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Moving to Jakarta

Expats moving to Jakarta will find themselves in a sprawling, densely populated megalopolis, with a population size that is steadily increasing. As the commercial and economic centre of Indonesia, Jakarta offers a good base for exploring the rest of the country and, despite some drawbacks, it can be a fun place to live, once expats become accustomed to the local culture and lifestyle.

Jakarta is colourful and somewhat exotic, yet new arrivals might not find many of the obvious charms of other large cities around the world. It can be noisy and polluted, and getting around the city can be difficult due to the congested roads and the high volume of traffic. Unless very brave, most expats don’t drive themselves, choosing to hire a driver instead.

Expats in Jakarta generally find jobs in the oil, gas, telecommunications, engineering and education sectors. The process for getting a work permit and visa for Indonesia is often arduous; there are strict rules regarding giving employment to foreigners due to the high rate of unemployment already present in the country. Even voluntary work in many cases is classed as work, so it’s advisable to seek legal advice when embarking on anything that may jeopardise one's visa and stay in Jakarta.

Generally speaking, Jakarta is a safe place to live but, like any large city, expats should be savvy and take precautions for their safety as they would do anywhere else. For women especially, it’s unwise to walk alone at night and they should only use taxi companies that are reputable and reliable. Violent crime is rare, but petty crime is fairly common and expats should always be cautious of scams. Although there is a threat of terrorism in Jakarta and the city has been targeted by extremists in the past, security is given high priority, especially around business districts and in shopping areas. 

There are many different options for accommodation and housing for expats in Jakarta, and depending on one’s income, there are properties available to rent ranging from luxury penthouse apartments or houses with a pool and garden, to rooms in guesthouses with shared bathroom and dining facilities.

The cost of living in Jakarta depends very much on lifestyle choice. The city is not a cheap place to live if choosing only to shop at Western-style supermarkets or high-end stores, but local shops are quite affordable and Jakarta is also home to many markets, making for a colourful shopping experience. Imported goods can be expensive, but Indonesian products are considerably cheaper.

Schooling for expat children is available in Jakarta, with most expat parents choosing to send their children to an international school; this is likely to cause the biggest dent to one’s income as international schools are expensive.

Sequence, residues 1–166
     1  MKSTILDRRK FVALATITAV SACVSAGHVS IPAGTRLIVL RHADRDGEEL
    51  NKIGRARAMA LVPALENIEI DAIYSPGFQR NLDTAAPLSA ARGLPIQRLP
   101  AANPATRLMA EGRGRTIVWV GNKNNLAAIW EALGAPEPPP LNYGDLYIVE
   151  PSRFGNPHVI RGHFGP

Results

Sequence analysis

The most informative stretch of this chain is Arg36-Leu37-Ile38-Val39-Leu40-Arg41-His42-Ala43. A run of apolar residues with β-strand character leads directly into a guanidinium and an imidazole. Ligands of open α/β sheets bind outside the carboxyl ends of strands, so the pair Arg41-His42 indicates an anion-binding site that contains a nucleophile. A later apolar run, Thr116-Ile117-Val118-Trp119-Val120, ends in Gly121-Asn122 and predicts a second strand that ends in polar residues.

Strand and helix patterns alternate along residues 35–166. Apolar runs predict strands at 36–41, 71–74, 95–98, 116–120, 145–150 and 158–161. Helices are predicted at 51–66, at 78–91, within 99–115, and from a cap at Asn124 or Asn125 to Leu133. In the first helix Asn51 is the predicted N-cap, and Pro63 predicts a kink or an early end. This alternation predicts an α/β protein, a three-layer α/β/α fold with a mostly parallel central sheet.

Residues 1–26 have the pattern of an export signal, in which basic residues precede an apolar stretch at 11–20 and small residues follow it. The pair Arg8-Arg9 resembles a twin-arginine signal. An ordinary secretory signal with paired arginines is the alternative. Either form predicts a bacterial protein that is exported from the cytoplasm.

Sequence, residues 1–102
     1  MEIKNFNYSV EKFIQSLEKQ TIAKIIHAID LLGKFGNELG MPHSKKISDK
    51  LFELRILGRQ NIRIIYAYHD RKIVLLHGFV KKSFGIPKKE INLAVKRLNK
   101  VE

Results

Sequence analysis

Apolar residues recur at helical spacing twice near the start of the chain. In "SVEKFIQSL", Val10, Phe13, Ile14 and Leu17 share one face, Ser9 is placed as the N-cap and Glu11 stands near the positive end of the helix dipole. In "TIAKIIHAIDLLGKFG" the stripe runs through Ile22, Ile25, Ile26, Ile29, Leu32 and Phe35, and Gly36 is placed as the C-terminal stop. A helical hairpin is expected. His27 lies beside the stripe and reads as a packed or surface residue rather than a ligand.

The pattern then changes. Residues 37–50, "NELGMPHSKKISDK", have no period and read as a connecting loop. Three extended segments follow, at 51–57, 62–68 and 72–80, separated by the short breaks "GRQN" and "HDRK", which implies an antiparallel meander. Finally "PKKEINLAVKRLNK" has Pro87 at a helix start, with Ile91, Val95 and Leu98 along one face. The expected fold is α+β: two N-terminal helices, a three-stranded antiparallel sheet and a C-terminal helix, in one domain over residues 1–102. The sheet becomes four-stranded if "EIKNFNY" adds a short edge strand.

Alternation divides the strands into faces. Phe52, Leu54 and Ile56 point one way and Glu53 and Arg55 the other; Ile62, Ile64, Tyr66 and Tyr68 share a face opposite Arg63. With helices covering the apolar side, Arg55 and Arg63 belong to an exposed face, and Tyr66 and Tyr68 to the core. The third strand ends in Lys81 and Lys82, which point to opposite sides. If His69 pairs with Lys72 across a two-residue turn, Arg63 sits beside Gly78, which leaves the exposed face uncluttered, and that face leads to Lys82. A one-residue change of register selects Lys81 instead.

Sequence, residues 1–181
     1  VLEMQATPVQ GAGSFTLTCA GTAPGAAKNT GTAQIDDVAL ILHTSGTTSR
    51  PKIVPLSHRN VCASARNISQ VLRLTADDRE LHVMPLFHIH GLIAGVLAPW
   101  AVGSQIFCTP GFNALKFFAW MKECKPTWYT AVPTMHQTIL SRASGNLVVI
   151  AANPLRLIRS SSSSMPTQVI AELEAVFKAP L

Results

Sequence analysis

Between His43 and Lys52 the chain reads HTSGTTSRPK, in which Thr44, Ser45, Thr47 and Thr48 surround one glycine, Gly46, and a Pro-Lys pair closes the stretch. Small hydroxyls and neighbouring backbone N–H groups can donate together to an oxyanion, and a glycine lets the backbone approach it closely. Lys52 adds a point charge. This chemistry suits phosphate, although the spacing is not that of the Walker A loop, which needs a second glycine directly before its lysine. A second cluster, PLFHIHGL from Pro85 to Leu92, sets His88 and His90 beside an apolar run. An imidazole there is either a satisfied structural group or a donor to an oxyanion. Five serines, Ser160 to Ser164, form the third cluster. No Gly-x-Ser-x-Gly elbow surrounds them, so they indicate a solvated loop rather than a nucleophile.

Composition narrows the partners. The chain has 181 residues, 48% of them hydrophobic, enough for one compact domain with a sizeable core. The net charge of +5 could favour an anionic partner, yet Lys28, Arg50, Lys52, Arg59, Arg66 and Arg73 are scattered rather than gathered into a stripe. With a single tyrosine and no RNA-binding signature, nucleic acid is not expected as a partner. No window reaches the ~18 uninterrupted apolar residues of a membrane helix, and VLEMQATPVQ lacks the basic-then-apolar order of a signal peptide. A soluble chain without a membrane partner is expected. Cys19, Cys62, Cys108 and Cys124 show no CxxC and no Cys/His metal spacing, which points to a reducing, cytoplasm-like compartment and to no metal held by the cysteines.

Healthcare is also pricey in Jakarta, and any serious medical emergencies may require being taken to a neighbouring country, such as Singapore, to receive adequate medical attention. It’s advisable for expats to take out medical insurance if this is not already provided for through their company.

Life in Jakarta can be hectic and is certainly not for the faint-hearted, but there are also so many great areas to explore, a rich cultural heritage to embrace and some new friends to be made. Whatever one chooses to make of Jakarta, nobody could claim that life in the Big Durian is dull.

Accommodation in Jakarta

Expats moving to Jakarta will likely find that organising accommodation in the city is relatively easy and prices are reasonable when compared to those in Western cities or other Asian cities such as Hong Kong and Singapore.

The Indonesian capital boasts a number of family-friendly neighbourhoods. Central Jakarta is a great location for expats who want to get the most out of city living, while south Jakarta has more suburban neighbourhoods with large houses and villas.

Types of accommodation in Jakarta

Expats will find an extensive range of options for accommodation in Jakarta. Apartments, detached homes and villas are all widely available, depending on the neighbourhood in which expats prefer to settle.

Expats in Jakarta's Central Business District will find that apartments are the most practical solution, especially to avoid spending hours each day stuck in traffic while commuting to and from the office. Many apartment buildings have been constructed in recent years, so there is plenty of choice for new arrivals, from simple and small apartments with only basic facilities to large, luxurious, fully serviced apartments. 

Most apartment buildings offer 24-hour security and other facilities including swimming pools, 24-hour shops, laundry services and sports facilities. 

Expats willing to venture out into Jakarta's suburbs will have more options for larger houses and villas. Some of these areas also offer easy access to some of the city's many excellent international schools, making them an ideal choice for expat families. 

Many rentals in Jakarta come fully furnished. However, expats who would prefer to bring in their own household goods should be able to negotiate for most properties to come unfurnished without too much difficulty. 

Finding accommodation in Jakarta